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By Luc Cohen and Jonathan Stempel
NEW YORK (Reuters) - A U.S. judge said on Wednesday he would consider delaying Sam Bankman-Fried's Oct. 3 criminal fraud trial, after the jailed FTX founder's lawyers complained he did not have enough time to review millions of pages of evidence to help build his case.
U.S. District Judge Lewis Kaplan in Manhattan raised the prospect of a five-month delay at a virtual hearing, after defense lawyers said officials at Brooklyn's Metropolitan Detention Center had not provided Bankman-Fried with hard drives containing evidence to review.
Bankman-Fried, 31, has pleaded not guilty to fraud and conspiracy charges stemming from the November 2022 collapse of his now-bankrupt cryptocurrency exchange.
Kaplan jailed him on Aug. 11, finding that the former billionaire likely tampered with witnesses while confined to his parents' Palo Alto, California, home on $250 million bail. Bankman-Fried's lawyers asked that he be returned to his parents' custody, so he can prepare adequately for trial.
"If the defendant in good conscience feels that he needs a postponement ... they can ask," Kaplan said.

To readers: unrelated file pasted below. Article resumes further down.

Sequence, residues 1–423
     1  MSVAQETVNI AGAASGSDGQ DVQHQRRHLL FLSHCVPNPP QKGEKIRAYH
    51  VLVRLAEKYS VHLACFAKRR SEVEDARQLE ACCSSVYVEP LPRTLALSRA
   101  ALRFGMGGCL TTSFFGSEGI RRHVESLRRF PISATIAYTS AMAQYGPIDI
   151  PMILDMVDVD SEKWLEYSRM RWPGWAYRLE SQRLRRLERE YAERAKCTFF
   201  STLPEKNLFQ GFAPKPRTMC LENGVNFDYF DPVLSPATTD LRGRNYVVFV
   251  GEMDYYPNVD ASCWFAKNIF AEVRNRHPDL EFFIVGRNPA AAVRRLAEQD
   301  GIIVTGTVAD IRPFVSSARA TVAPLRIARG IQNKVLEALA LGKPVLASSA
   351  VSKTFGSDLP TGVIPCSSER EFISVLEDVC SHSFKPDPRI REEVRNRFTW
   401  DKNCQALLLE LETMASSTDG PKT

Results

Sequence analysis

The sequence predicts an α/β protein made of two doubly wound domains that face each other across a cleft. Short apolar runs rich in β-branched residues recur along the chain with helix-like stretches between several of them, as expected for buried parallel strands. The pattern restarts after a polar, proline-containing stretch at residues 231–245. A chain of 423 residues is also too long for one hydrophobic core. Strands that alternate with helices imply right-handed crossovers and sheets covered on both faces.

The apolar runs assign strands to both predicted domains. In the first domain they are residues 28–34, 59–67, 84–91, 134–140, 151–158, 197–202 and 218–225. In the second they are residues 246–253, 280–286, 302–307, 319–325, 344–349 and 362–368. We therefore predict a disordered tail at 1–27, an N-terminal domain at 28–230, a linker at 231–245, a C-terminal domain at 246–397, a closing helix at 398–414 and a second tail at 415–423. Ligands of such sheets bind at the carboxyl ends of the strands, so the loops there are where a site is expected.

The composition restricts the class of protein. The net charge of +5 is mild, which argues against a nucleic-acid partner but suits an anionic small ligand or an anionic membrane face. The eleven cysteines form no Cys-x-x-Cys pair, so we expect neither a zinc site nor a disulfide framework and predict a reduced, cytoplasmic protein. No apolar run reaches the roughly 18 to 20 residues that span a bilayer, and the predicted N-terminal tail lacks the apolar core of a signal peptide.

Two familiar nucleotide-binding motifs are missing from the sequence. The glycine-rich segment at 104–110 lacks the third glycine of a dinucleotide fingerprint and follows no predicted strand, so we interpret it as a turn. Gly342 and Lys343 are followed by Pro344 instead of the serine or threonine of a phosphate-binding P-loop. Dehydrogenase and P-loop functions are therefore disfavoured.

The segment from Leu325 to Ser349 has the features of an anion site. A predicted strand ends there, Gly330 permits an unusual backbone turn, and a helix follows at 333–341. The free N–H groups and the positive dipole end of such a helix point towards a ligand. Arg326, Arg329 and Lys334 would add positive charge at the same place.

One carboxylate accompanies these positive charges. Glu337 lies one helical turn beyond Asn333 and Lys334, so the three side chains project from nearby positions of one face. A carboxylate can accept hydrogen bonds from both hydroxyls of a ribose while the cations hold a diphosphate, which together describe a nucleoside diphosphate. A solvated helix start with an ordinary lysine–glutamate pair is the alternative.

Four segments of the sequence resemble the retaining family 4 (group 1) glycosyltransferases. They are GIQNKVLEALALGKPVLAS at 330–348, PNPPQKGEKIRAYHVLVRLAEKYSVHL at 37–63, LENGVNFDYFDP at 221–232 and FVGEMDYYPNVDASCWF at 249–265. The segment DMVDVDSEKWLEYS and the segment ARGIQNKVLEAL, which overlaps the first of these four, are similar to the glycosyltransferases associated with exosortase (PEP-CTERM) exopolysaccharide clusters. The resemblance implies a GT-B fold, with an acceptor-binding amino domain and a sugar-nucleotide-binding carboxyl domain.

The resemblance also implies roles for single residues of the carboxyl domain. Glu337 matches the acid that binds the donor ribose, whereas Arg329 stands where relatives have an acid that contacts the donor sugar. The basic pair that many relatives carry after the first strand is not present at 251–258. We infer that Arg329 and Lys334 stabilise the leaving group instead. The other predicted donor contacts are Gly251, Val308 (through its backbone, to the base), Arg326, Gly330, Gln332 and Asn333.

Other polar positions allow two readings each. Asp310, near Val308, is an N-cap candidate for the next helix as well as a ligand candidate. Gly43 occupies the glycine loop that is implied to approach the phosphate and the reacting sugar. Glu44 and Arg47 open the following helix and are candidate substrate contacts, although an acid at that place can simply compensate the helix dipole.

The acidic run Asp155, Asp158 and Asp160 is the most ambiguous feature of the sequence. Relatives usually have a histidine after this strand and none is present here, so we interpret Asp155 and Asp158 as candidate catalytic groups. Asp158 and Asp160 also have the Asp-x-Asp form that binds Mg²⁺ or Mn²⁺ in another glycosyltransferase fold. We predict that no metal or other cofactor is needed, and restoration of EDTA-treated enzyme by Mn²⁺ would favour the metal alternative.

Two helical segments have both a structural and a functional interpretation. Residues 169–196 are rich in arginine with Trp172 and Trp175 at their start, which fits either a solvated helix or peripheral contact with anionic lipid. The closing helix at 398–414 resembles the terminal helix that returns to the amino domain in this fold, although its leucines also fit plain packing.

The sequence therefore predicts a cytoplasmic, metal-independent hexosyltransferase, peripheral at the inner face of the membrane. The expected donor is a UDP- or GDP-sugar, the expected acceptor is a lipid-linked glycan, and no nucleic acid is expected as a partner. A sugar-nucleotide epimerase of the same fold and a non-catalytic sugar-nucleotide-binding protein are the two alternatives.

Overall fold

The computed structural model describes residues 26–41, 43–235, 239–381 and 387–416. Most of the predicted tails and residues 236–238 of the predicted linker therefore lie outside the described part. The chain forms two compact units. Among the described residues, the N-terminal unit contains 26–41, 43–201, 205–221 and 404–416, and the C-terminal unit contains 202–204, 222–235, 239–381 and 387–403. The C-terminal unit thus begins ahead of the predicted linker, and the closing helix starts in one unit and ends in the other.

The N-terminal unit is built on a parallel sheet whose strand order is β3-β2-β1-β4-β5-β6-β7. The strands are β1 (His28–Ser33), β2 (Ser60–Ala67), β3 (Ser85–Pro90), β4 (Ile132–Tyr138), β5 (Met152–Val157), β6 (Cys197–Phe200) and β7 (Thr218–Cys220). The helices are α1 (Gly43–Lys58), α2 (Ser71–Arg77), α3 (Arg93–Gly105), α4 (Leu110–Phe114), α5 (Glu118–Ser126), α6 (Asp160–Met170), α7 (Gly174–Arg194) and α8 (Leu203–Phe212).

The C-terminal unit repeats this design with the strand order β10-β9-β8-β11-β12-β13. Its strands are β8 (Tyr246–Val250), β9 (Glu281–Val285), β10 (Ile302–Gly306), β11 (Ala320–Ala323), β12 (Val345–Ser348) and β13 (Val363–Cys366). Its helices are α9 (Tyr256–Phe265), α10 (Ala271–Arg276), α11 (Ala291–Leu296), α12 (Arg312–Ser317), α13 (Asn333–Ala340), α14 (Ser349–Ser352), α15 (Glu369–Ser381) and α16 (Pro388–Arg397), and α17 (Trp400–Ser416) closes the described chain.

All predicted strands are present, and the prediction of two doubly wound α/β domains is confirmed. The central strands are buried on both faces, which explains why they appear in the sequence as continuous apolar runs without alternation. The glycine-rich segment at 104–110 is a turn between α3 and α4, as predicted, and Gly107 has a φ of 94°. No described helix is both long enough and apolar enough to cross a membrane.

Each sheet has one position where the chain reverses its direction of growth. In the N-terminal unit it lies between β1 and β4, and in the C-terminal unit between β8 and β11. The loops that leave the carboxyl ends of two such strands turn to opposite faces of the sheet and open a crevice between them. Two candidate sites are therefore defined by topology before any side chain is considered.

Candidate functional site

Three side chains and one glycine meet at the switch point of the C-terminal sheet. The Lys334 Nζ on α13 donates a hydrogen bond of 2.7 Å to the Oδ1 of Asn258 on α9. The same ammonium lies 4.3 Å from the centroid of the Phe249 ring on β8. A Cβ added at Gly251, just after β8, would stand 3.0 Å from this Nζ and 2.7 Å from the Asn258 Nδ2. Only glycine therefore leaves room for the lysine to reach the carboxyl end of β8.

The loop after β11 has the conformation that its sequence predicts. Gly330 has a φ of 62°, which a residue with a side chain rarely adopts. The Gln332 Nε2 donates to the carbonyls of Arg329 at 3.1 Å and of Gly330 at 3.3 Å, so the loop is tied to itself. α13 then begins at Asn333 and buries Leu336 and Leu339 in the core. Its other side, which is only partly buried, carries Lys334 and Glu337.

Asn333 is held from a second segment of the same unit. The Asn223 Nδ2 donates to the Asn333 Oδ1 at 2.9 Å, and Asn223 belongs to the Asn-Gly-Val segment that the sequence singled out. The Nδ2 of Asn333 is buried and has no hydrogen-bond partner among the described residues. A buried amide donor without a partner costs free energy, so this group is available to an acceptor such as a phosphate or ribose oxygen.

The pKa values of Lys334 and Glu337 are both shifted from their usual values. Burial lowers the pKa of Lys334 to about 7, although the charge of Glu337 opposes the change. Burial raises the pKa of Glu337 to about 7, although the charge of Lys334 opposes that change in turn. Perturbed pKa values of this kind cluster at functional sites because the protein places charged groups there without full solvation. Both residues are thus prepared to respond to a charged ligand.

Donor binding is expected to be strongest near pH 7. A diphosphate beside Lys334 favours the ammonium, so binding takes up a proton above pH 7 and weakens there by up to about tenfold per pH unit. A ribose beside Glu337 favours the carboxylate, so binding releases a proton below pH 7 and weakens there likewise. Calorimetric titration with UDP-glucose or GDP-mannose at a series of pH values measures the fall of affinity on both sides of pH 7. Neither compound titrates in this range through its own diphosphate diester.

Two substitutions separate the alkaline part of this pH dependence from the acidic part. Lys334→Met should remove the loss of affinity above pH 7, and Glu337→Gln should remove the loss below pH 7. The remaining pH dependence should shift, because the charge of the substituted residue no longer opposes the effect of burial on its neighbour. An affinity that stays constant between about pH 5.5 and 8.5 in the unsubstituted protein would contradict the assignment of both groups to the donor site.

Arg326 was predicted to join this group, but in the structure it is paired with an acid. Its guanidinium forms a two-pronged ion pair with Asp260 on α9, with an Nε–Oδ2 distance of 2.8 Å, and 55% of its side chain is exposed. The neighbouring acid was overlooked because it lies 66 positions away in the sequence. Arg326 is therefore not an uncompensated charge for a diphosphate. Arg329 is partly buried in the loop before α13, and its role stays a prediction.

The judge said he was unlikely to delay the trial based solely on the volume of evidence, and the defense would need to demonstrate a "genuine and unanticipated need."
He suggested possibly combining the trial with a previously scheduled March 11, 2024, trial on charges brought after Bankman-Fried's December 2022 extradition from the Bahamas, including bank fraud and foreign bribery conspiracies.
Mark Cohen, a lawyer for Bankman-Fried, said he understood that any request to delay the trial should be made in the next few days.
Kaplan earlier rejected a defense request to bar prosecutors from using at trial approximately 4 million pages of documents stored on Google that the prosecutors turned over last week.
Bankman-Fried's lawyers said their client wasn't being given time to sort through the deluge, depriving him of his constitutional right to a fair trial.
While prosecutors with the U.S. Attorney's Office in Manhattan turned over the materials only recently because Google delayed in responding to a subpoena, Kaplan said the majority came from Bankman-Fried's personal Google account, meaning he had access before his bail was revoked.
"There is just no evidence at all that the government didn't act in good faith," and any suggestion that prosecutors missed deadlines or broke promises to the defense is "very seriously exaggerated," Kaplan said.
Danielle Kudla, a prosecutor, said her office had delivered a hard drive with evidence for Bankman-Fried to the MDC earlier on Wednesday.
(Reporting by Luc Cohen and Jonathan Stempel in New York; editing by Jonathan Oatis)